In the gospel passage (John 20:1-9) for today Easter Sunday, we meet Mary of Magdala, commonly known as Mary Magdalene. We hear that when she went to the tomb “on the first day of the week when it was still dark”, bringing spices and perfumes to anoint Jesus’ dead body, all she found was a yawning empty space where the body had been. This must have been terrifying as well as puzzling for her. No wonder that she rushed back to give this distressing news to Simon Peter and “the other disciple whom Jesus loved”. They in turn ran to the tomb, and seeing the linen cloths that had covered Jesus’ dead body lying on the ground, they “saw and believed”. The passage ends with the statement “Till this moment they had failed to understand the teaching of scripture, that he must rise from the dead”.
Mary Magdalene apparently returned later that same day to the empty tomb, as the succeeding verses of chapter 20 (11-18) of John’s gospel make clear, and stayed there weeping. (We will read this passage on Easter Tuesday). And while she was there, lost and in tears, the Risen Christ appeared to her and gave her the mandate: “go and find your brothers and tell them ‘I am ascending to my Father and your Father, to my God and your God’.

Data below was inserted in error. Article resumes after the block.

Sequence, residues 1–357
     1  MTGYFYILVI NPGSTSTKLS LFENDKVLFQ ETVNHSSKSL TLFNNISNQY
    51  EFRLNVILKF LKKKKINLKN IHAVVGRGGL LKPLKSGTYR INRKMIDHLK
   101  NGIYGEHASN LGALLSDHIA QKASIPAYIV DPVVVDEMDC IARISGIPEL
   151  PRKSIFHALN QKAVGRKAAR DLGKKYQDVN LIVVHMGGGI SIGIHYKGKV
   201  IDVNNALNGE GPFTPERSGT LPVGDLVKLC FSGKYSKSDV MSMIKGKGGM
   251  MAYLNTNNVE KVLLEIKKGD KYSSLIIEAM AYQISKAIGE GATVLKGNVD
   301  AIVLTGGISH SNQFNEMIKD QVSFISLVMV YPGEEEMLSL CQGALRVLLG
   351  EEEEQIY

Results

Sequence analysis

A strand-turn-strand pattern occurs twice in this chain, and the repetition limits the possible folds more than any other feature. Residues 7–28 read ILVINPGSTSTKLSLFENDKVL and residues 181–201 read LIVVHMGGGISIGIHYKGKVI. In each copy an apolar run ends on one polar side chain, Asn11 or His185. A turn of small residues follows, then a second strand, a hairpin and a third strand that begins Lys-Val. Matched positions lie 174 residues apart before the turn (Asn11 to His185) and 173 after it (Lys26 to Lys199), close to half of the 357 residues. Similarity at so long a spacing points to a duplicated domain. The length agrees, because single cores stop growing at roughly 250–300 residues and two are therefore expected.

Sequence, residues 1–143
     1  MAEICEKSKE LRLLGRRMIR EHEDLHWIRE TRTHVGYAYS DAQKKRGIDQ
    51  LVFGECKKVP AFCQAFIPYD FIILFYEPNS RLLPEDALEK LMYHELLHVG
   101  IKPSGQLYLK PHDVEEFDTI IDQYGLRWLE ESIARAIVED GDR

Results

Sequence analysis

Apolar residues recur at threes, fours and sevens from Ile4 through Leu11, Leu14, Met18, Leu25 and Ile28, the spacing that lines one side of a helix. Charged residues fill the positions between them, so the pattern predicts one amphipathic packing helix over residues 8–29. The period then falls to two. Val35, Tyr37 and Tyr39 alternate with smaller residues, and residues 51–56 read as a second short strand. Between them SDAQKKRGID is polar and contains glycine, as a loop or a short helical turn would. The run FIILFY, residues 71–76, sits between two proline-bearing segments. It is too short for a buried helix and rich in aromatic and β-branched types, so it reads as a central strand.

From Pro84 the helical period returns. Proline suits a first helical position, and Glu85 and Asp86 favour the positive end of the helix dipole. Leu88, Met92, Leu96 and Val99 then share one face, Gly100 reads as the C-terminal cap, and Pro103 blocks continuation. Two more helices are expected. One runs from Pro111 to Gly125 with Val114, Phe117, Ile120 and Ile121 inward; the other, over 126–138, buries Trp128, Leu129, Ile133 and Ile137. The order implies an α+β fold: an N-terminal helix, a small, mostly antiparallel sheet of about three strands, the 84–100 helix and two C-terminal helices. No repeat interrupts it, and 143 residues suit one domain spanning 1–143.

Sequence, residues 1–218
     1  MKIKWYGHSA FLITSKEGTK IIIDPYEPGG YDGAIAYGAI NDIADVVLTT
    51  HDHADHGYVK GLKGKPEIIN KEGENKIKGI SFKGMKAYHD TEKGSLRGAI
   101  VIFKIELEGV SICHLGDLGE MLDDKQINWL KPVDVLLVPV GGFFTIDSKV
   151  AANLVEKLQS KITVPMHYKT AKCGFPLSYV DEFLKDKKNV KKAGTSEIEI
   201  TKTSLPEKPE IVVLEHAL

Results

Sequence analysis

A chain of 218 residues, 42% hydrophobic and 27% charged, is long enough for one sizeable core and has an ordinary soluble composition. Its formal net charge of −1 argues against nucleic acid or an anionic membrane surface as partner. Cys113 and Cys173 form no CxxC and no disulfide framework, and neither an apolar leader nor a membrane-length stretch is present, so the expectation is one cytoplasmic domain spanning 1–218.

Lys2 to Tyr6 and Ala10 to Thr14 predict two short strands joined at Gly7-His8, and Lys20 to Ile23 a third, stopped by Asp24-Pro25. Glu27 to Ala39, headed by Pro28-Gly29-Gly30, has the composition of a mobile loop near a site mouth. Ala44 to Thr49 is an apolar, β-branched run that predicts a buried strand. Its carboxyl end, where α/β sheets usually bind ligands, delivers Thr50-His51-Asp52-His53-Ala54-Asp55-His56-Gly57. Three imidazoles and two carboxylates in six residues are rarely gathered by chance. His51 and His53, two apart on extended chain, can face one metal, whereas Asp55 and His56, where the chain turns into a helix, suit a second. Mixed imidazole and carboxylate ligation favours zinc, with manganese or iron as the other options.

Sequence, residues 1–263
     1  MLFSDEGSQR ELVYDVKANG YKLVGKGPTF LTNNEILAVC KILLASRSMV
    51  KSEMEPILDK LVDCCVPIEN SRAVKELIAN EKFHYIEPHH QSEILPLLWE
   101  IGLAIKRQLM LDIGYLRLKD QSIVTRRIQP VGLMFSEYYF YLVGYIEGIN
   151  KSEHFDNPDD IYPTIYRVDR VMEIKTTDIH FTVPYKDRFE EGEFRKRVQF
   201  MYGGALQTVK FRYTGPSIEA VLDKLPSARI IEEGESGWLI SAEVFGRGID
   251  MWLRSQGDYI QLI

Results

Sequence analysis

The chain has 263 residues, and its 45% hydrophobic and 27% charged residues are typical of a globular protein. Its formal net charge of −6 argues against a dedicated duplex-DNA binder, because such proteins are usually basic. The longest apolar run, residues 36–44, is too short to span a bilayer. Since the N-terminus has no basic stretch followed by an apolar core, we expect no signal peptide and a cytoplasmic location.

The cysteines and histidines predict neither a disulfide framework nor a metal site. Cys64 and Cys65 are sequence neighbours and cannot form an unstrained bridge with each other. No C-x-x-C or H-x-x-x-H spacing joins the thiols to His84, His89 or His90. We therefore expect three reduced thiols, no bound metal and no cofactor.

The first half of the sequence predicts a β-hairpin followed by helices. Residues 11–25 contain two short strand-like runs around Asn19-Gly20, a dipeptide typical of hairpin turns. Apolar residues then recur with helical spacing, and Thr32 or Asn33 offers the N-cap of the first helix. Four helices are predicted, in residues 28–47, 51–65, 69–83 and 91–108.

Because of this encounter and mission, Mary Magdalene is known as “the apostle to the apostles”. Just this past year, pope Francis raised the 22nd July memorial of her to the status of a feast in the church’s liturgical calendar, thus recognizing her as “an evangelist who proclaims the central joyous message of Easter”. As we know, Mary Magdalene, the apostle of the Resurrection, is one of the patrons of the Dominican Order founded to preach the gospel, and particularly its central message of resurrection life and joy.
It is clear from Scripture that Jesus in his travels was surrounded not only by men- but also by women-¬disciples. All four evangelists speak of the group of women from Galilee, Mary of Magdala among them, who were his faithful followers right to the end of his life. These women would have listened attentively to his teaching, they would have witnessed his compassionate healings, and they would have seen him deep in prayer. Some of them, including Mary Magdalene, followed him on his painful journey to death on Calvary. In Jesus’ company she and the other women were continually learning how to be his true disciples. St. Paul tells the Colossians in the 2nd Reading for today, ‘Christ is your life’ (cf. Col. 3:4). Jesus Christ was certainly Mary Magdalene’s life, and for that reason she was able to announce him to others.
This Easter may the reality of the resurrection, this central event in the story of salvation, burst upon us as it did upon Mary Magdalene and the disciples at the tomb, giving us a strength and an urgency to enter more deeply into the life of the risen Christ within us and around us, and to bring his good news to others.
Mary O’Driscoll OP